With ambitions high after Turkey’s ratification of the Paris Agreement, work starts on a climate change strategy to 2050 and an action plan to 2030…
Ankara, 16 December 2021 – In the wake of Turkey’s ratification earlier this year of the Paris Agreement and commitment to achieve a net-zero balance in carbon emissions by 2053, the focus has shifted to the drafting the detailed plans and adopting the policies that will be vital to ensure the country achieves these goals. These efforts took a big step forward today, with the announcement by the Ministry of Environment, Urbanization and Climate Change and the United Nations Development Programme (UNDP) that they are joining forces to prepare a long-term climate change strategy and an action plan that will reflect Turkey’s bolder climate ambitions.
“In terms of green development revolution, the new strategy that we will prepare together with UNDP will set out a mid-century vision for our country to improve climate resilience and provide a path towards the 2053 net-zero target, while simultaneously achieving our national development objectives and paving the way for long-term climate action with the green development vision,” said Orhan Solak, Head of Climate Change Presidency, Ministry of Environment, Urbanization and Climate Change, in addressing a conference convened to launch the preparation of a rich array of sectoral plans.
Under the Paris Agreement, countries are required to submit Nationally Determined Contributions (NDCs) to quantify their specific commitments to reduce greenhouse gas emissions as part of a global effort to limit average temperature increases to 1.5°C. They are also invited to share their long-term low-emission development strategies, to show how NDCs are reflected among national planning and development priorities. Amidst widespread recognition that the emission reductions committed by countries so far are woefully insufficient to limit global warming even to a 2.0-degree ceiling, the Glasgow Climate Summit last month agreed to speed up the reporting cycle and require countries to regroup in 2022 in Cairo to present more ambitious and credible NDCs.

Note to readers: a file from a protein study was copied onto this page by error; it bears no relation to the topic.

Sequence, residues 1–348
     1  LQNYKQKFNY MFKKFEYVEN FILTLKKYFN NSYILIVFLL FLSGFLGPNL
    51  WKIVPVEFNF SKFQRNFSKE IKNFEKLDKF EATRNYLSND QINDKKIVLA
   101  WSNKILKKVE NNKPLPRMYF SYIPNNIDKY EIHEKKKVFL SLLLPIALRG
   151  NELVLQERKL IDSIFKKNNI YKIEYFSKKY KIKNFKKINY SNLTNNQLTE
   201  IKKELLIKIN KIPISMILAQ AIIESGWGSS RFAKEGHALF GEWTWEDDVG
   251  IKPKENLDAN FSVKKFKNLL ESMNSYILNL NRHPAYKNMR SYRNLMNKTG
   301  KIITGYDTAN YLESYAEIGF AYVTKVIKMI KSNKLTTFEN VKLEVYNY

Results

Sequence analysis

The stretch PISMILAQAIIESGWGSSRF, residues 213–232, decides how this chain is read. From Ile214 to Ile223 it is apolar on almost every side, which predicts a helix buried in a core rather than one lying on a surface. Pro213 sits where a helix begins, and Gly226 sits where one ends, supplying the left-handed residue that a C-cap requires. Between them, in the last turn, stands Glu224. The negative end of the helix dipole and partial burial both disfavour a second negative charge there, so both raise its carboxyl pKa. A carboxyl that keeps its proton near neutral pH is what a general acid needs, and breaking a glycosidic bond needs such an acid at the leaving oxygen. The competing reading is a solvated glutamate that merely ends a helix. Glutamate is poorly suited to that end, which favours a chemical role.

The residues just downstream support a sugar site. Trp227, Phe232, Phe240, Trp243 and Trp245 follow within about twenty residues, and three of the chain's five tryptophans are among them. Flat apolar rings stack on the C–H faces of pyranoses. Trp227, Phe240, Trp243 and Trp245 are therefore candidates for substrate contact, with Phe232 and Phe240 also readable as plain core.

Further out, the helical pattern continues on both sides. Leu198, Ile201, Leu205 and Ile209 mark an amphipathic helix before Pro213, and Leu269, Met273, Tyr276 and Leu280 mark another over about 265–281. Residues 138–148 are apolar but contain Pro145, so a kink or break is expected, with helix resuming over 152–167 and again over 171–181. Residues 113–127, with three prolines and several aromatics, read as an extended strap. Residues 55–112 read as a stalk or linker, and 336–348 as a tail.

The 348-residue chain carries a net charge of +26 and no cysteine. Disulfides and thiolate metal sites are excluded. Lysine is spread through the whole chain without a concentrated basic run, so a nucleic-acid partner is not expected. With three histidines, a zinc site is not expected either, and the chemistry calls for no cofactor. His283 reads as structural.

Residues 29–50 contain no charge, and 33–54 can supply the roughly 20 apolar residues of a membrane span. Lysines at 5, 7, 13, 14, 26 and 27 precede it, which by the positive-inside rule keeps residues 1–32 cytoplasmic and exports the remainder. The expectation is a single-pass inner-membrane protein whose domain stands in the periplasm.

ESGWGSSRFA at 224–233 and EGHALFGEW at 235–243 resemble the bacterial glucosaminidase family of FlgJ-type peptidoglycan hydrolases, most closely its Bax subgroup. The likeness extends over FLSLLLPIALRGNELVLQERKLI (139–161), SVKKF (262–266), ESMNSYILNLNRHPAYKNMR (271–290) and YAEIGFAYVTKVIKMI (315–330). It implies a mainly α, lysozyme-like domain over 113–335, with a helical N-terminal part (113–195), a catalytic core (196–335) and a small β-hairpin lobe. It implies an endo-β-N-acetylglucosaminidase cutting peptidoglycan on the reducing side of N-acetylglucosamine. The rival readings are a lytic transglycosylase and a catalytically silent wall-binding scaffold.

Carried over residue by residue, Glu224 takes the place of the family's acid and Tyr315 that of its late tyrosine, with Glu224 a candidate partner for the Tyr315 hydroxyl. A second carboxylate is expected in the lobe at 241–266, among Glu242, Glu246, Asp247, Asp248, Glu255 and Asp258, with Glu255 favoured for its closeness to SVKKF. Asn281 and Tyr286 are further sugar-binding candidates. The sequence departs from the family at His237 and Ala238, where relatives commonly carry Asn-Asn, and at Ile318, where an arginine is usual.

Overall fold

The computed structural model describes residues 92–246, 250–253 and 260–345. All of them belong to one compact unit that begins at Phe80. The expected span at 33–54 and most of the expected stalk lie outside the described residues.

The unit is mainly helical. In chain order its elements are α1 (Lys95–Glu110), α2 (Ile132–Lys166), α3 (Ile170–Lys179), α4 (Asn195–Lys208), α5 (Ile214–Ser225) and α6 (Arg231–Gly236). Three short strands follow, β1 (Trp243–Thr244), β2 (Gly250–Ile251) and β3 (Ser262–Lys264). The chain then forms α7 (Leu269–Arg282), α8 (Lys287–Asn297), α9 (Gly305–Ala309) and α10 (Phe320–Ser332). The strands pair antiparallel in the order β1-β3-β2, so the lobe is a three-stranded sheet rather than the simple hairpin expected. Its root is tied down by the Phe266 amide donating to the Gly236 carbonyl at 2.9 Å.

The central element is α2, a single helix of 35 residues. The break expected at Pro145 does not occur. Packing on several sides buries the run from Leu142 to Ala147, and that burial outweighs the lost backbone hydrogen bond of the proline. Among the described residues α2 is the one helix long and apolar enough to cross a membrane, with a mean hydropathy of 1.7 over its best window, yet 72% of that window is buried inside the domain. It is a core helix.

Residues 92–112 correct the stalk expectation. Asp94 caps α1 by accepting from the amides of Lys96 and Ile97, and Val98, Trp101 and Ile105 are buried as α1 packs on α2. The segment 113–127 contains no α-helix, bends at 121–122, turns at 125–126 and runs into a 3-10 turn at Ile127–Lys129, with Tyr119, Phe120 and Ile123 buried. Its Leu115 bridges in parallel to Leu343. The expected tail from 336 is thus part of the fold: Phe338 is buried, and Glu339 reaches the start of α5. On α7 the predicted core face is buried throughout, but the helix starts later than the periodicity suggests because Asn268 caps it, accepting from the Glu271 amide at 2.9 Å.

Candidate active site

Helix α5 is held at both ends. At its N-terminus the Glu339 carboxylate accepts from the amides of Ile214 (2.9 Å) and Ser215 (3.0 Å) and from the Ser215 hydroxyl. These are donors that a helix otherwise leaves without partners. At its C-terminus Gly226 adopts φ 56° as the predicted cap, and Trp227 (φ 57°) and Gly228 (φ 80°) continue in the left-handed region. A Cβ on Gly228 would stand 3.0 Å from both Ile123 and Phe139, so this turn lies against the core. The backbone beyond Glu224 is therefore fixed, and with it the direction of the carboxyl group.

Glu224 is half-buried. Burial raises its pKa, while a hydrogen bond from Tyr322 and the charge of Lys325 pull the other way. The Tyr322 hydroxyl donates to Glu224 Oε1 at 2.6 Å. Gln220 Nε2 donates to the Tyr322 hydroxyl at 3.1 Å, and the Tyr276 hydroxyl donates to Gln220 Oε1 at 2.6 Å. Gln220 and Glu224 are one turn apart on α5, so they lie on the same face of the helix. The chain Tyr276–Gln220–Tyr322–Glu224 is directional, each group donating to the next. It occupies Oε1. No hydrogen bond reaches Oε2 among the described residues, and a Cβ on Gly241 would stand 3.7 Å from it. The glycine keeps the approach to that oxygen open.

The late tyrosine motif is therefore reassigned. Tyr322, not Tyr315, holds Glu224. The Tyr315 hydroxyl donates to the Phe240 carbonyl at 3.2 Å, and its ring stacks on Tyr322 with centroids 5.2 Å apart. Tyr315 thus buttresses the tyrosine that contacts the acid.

“Pessimists worry that Glasgow was ‘too little, too late’ to save the planet from the worst effects of climate change,” said UNDP Resident Representative Louisa Vinton. “That is why we are so glad that countries agreed to try again next year to muster the political will needed to put a definitive brake on emissions. In this context, the timing is ideal for Turkey to adopt goals and targets reflecting the boldness and ambition that the moment requires.”
The launching event for the preparation of the strategy, action plan and revision of the NDCs brought together more than 200 representatives from the public and private sectors, academia and NGOs. The new strategy, which will be completed by the end of 2022, will include economy-wide and sector-specific targets, milestones and action plans. Together with the National Climate Change Adaptation Action Plan, it will play a key role in Turkey’s transition to low-carbon development and a climate-resilient future. Since successful climate action depends on coordinated efforts from all parts of Government and society, UNDP and the Ministry will work together to provide accurate and useful information to all actors and raise awareness among the public.
The joint climate planning initiative is supported by the Global Environment Facility (GEF), which provides funding for a long-standing UNDP programme that has assisted the Turkish Government in fulfilling its regular reporting requirements under the United Nations Framework Convention on Climate Change (UNFCCC) since ratification.